Tax: negligence and its limitations
Donald Drysdale finds that a recent High Court judgment relating to professional negligence contains useful lessons for tax practitioners and their clients.
On 19 May this year the Mercantile Court, part of the Queen’s Bench Division of the High Court, delivered its judgment in Halsall & Others v Champion Consulting Ltd & Others  EWHC 1079 (QB).
The claimants had been partners in a firm of solicitors. They alleged that they had been negligently induced by the defendants (a tax advisory firm and its associated firm of chartered accountants) to invest in two different types of tax mitigation scheme which were later defeated by HMRC. The schemes were referred to as the ‘charity shell’ schemes and the ‘Scion’ film scheme.
HMRC had pursued enquiries which resulted in the scheme users facing liabilities they had not expected. As a result, the users sought to recover their losses from the scheme promoters.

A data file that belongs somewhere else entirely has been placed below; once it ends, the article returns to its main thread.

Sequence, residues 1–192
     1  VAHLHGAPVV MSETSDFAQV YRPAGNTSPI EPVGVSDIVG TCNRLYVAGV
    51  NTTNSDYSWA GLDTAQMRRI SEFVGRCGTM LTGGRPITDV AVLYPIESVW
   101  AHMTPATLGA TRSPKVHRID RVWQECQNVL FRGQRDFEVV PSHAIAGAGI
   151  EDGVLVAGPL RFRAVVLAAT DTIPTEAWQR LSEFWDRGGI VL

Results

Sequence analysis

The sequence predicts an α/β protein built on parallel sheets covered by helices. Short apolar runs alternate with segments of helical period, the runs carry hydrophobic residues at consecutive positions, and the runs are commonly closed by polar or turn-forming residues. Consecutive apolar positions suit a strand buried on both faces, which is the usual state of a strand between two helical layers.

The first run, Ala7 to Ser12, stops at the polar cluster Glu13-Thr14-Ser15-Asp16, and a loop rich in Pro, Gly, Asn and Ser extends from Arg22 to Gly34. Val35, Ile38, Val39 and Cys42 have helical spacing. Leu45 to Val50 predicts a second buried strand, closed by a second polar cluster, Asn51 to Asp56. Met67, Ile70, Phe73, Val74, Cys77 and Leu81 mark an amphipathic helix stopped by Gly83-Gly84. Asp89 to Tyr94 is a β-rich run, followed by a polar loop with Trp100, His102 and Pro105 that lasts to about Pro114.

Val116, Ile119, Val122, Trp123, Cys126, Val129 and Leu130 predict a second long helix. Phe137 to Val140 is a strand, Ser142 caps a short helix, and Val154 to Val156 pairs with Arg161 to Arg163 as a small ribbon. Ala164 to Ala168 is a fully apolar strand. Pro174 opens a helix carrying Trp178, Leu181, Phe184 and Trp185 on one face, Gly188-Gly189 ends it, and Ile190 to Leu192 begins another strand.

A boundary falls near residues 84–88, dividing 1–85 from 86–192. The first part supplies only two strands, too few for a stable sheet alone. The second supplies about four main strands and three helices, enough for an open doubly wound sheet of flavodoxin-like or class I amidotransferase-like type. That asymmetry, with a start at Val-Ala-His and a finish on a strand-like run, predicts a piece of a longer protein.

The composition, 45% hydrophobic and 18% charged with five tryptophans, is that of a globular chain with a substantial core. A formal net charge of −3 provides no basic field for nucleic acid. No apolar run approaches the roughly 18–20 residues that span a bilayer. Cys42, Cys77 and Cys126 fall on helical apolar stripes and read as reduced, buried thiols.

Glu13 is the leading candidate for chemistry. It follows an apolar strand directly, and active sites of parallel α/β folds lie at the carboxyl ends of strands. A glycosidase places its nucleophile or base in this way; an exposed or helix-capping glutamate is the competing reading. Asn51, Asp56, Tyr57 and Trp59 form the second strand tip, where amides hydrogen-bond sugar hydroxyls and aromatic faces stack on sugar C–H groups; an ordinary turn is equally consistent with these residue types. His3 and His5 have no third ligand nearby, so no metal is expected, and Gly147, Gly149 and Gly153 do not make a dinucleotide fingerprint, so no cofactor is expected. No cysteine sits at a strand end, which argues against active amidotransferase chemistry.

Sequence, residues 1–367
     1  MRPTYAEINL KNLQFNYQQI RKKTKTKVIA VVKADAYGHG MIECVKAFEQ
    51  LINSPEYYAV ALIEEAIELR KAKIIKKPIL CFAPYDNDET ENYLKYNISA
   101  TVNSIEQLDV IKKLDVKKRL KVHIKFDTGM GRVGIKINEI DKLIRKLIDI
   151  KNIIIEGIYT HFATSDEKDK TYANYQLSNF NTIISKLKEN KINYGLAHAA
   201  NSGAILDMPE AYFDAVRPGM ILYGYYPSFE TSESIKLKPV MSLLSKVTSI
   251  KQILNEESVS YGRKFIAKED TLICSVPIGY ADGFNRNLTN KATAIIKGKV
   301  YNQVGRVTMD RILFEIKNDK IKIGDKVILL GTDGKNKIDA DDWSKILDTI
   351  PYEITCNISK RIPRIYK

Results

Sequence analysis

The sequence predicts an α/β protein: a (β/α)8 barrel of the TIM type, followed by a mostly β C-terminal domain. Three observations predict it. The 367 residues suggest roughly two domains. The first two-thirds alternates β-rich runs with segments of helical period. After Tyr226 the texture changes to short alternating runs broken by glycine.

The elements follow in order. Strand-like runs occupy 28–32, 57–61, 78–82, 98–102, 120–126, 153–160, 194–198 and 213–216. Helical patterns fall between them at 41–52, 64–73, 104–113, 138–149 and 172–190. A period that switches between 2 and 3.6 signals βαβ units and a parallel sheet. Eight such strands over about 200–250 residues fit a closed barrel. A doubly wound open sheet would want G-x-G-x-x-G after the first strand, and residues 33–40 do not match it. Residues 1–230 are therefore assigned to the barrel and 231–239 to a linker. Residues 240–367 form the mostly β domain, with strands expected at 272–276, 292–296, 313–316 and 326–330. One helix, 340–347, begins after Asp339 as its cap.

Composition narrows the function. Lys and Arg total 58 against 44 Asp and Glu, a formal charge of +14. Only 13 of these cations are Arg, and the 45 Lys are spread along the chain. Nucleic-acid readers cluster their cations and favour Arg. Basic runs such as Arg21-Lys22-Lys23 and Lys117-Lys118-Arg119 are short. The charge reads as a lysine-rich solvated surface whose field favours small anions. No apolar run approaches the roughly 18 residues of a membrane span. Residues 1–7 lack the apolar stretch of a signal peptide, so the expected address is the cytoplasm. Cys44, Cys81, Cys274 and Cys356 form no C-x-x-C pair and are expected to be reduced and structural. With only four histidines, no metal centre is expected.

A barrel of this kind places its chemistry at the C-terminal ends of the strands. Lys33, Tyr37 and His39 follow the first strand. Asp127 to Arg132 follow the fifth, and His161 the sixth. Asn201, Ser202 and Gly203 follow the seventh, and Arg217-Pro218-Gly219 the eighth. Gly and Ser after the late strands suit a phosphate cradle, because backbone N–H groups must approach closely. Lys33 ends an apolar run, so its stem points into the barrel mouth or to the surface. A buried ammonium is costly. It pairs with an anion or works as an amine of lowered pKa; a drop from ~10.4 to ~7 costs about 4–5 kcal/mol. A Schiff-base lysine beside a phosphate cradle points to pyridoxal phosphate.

Assurances of success
According to the claimants, the defendants had assured them that the charity shell schemes would work effectively, reduce their tax liability and improve their overall financial position as well as being able to benefit charities of their choice. They argued that the defendants had been negligent in failing to advise them of grounds on which there was a significant risk that the schemes would be successfully challenged by HMRC.
They also claimed that the defendants had advised them that the film scheme was robust, with a 75% or 80% prospect of success, that the Scion tax schemes had a history of successful implementation, and that if the film scheme failed the maximum loss would be the amount of cash invested. In the event it became apparent that HMRC would deny substantial tax reliefs that had been anticipated. The claimants argued that the advice had been negligent and as a result they had suffered loss and damage.
Was there negligence?